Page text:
Former England defender Gary Neville, retired Olympian Denise Lewis and ex-Football Association chairman David Bernstein have combined to call for independent regulation of English football to solve its “crisis”.
The trio are part of a group who have issued a manifesto for change called ‘Saving Our Beautiful Game’.
It is the latest development of a fractious week in which controversial plans to restructure English football – led by Liverpool and Manchester United – emerged on Sunday, only to be condemned by the Premier League itself and then quickly rejected at meeting of all 20 top flight clubs on Wednesday.
And the group calling for independent regulation came forward on the same day EFL chairman Rick Parry claimed his FA counterpart Greg Clarke had “initiated” talks over the radical restructure plans that raised the possibility of a second Premier League division, and B teams in the Football League.
Premier League clubs “unanimously agreed” at their meeting this week that ‘Project Big Picture’ would not be “endorsed or pursued”. Instead, they agreed to “work together” on a new “strategic plan” for the “financing of English football”.
However, the EFL said – also on Thursday – that it had rejected the Premier League’s proposed £50m rescue package for League One and Two clubs, saying it “falls some way short” of the required amount.
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Divisions in English football come to the fore
EFL chief Parry wrote to his clubs on Thursday, attaching a document that he said Clarke “produced” in February, and which has been seen by the BBC.
Included as “an example” in the discussion paper for Project Big Picture were a number of proposals, including the abandonment of the League Cup and FA Cup replays.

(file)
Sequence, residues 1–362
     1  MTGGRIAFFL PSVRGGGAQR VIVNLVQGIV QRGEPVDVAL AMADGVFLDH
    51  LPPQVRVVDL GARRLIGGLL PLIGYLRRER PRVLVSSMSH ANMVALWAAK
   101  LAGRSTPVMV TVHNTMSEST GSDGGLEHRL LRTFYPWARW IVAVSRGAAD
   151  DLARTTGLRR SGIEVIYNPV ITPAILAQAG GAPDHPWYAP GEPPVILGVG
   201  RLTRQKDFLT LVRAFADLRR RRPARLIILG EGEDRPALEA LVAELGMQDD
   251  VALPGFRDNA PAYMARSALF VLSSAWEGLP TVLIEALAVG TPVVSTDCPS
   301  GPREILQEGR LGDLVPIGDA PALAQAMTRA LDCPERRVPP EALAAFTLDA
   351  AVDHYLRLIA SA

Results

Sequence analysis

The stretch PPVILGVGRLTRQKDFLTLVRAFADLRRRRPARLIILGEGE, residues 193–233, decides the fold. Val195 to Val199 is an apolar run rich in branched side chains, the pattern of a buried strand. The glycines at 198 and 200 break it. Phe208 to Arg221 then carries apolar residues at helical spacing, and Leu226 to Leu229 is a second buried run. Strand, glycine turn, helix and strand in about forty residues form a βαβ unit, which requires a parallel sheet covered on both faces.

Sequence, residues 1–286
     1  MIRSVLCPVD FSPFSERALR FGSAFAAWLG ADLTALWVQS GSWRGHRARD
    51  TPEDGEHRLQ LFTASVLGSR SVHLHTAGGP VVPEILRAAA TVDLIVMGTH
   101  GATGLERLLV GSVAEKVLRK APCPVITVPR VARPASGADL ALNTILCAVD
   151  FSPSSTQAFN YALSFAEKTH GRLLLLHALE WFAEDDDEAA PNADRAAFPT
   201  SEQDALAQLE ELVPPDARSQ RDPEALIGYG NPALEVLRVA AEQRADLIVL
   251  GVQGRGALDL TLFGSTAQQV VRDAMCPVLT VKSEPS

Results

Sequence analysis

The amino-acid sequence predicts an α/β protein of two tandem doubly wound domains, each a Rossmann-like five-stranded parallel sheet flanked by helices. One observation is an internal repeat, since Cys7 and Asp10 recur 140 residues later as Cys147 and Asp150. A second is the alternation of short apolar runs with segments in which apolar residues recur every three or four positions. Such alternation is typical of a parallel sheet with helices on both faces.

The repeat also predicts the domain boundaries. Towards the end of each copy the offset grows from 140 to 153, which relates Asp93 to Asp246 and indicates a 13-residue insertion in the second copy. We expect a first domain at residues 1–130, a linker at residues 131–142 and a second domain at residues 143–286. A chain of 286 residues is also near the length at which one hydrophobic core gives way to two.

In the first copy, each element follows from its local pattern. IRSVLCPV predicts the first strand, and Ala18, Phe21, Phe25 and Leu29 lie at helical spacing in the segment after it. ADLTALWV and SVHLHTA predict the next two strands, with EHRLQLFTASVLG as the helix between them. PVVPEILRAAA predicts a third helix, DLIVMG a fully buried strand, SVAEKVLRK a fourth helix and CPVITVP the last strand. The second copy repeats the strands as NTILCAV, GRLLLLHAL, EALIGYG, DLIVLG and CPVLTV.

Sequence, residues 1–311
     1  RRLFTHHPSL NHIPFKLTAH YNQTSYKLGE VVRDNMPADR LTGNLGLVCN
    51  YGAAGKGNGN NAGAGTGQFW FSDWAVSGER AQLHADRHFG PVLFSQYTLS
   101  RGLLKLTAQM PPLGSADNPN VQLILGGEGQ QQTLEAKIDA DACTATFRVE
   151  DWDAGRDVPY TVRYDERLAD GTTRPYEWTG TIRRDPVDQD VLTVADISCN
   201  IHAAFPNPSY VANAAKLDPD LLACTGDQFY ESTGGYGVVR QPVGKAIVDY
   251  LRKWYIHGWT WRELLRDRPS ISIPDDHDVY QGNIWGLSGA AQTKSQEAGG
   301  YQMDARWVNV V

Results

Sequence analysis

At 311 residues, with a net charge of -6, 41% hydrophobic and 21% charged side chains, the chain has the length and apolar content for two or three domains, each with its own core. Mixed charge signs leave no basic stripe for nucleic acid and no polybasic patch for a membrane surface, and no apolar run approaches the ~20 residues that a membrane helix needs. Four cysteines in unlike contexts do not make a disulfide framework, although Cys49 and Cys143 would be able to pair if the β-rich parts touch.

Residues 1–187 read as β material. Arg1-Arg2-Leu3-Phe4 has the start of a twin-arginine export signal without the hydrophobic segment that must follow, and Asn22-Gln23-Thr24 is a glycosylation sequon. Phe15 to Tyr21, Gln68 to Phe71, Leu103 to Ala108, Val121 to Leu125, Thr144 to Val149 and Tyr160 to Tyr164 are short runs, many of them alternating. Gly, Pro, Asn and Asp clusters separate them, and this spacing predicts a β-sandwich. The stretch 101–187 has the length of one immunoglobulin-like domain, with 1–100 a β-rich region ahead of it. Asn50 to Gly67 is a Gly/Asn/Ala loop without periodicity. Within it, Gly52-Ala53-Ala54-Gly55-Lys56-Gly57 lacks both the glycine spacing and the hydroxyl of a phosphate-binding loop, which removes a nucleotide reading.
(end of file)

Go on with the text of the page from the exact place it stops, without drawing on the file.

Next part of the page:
The reconfiguring of Leagues 1 and 2 together with the National League was also part of the list of potential measures.
In a statement, Clarke said the document “captures a summary of what areas and issues were discussed at an early meeting”.
However, the document was described as “shameful” by Accrington Stanley owner Andy Holt.
“I’m sick to my stomach that the FA are working against our clubs”, he tweeted.
“Those who are supposed to support us are working against us.”
Earlier this week Clarke said he was involved in initial discussions with the backers of Project Big Picture, but withdrew when a breakaway league was suggested “as a threat”.
Twenty four hours later Parry wrote to EFL clubs to explain that following Clarke’s comments, “I think it is necessary to clarify a few points… it was Greg who initiated this process”.
Parry told the clubs he was invited by the FA chairman to a meeting with representatives of Liverpool, Manchester United and Chelsea.
Premier League chief executive Richard Masters was also invited but declined.
Parry went on to say: “For the avoidance of any doubt this is not to say that Greg was personally in favour of these ideas, but that they warranted discussion.
“I made it clear from the outset that some of these were absolute non-starters from an EFL point of view and it is clear that they did not find their way into the Project Big Picture proposal.
“They were firmly rejected by Liverpool and Manchester United, which does confirm their understanding of the importance of the pyramid.”
In a statement, Clarke said: “It is an important part of my job to work together with key stakeholders across the game to discuss and evaluate potential improvements to the structure of English football that would have a positive long-term effect at every level of the game.
“The paper captures a summary of what areas and issues were discussed at an early meeting.
“As the discussions progressed I and others were unhappy with the direction of travel in terms of major redistribution of money and power to bigger clubs and the mooting of a breakaway.”
What is the ‘Save our Beautiful Game’ manifesto proposing?